ByAlisha Grauso, writer at
Editor-at-large here at Movie Pilot. Nerd out with me on Twitter, comrades: @alishagrauso
Alisha Grauso

Fellow creative types and concept junkies, consider your addictions fed. Film Sketchr snagged a completely awesome interview with Man of Steel concept artist Peter Rubin, and the artist brought along some of us as-yet-unseen concept art for the huge summer blockbuster. Rubin has been a concept artist and illustrator for over two decades in Hollywood, and he had some pretty fascinating insights into the process of creating the final designs for Man of Steel.

I've shortened it quite a bit, so if you want to read the full interview, which is interesting but lengthy, you can read the full article here. Otherwise, here are the highlights.

What kind of things did you design for the film?

I conceptualized a lot of the Kryptonian tech in 3D, often in collaboration with other artists working in 2D. Most importantly to me, the "S" glyph, and The Starcraft, were entirely, or mostly, mine.

Plus whole lot of smaller stuff, like the control panels that Jor-El and Lara use. The stasis pods in the Scout Ship. The device that cradles Kal-El in his father's laboratory and absorbs the Codex, before he's put into the Starcraft. Those ubiquitous standing control panels. All of that came primarily from me, with guidance from Alex [McDowell].

I worked on the exterior of the Scout Ship. That was based on concept paintings by Jaime Jones, who is a phenomenon. I was responsible for moving it forward from the initial paintings, getting the proportions right, and then later helping to conceive the parts of the exterior that would be built into the sets in Vancouver.

The Black Zero Escape Pod, same story. H'Raka, Jor-El's warsteed,and the Council Chamber Thrones fall into the same category. The first paintings of those were by Christian Lorenz Scheurer. I've included one of them. Then there's the interior walls of the Black Zero, and the equipment in Jor-El's laboratory, which were in collaboration with Jaime. These were all on-camera props and set-pieces that were built in Vancouver by our stage crews based directly on my digital sculpts.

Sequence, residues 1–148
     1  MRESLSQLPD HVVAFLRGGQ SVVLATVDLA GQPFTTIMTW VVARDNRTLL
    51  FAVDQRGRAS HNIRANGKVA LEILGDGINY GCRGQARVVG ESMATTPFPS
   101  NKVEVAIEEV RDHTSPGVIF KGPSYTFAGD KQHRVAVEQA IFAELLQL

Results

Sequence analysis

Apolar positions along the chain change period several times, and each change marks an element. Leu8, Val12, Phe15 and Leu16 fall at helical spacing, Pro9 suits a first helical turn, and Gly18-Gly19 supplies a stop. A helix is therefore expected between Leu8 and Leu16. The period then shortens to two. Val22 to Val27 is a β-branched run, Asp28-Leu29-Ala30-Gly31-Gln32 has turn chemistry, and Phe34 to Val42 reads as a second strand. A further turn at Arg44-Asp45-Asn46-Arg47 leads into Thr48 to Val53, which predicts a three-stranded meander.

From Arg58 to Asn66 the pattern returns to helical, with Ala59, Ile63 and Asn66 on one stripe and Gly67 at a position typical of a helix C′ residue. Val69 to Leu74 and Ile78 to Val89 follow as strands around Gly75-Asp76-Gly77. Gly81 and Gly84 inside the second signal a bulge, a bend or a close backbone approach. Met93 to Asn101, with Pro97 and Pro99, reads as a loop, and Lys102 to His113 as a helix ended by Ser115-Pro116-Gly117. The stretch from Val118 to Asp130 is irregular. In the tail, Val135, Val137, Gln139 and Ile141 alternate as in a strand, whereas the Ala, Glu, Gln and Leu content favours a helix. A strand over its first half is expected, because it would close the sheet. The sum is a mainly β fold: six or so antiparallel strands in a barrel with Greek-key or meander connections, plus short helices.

What was the process like designing the "S" Shield and what was the biggest challenge you overcome?

The bio-mechanical look of Krypton was based on Alex's idea of an alien design aesthetic, revolving around one of the key conceits of the script; that Kryptonians had perfected the ability to manipulate DNA. It's their primary tech. For thousands of years, they could build almost anything by biological means.

To get at this, we avoided referencing other bio-mechanical SF works like Giger's Aliens, and instead went back to nature. Our art department was full of scientific specimens, bones and bark and fungi and dried plants, and we pored over books of microphotography and biological systems.

Then from there, we went to Art Nouveau works of the late nineteenth and early twentieth century, everything from architectural facades to bookplates to ladies' hairbrushes. Art Nouveau designers assumed that nothing could ever be as beautiful as what nature creates. We tried to be as true to that ideal as we could.

Where will we see your work next?

I spent some time on 'Captain America: The Winter Soldier' for Marvel. Also, I'm collaborating with comics writer Mariah Huehner on a collectible figure based on her character The Empress of the Jellies. We are going to Kickstarter to make it available to fans.

And then, there's my own movie. I'm excited about that. It's called "Gage," and I wrote it while I was on Man of Steel. It's robot-themed, robots and kids - and a fun adventure. I've had lots of positive feedback about it, and there'll be some news later this year, I hope.

Again, you can catch the rest of the interview here, and head to your nearest big screen to see Man of Steel, in theaters now.

You can follow Alisha on the Twitter machine @alishagrauso.


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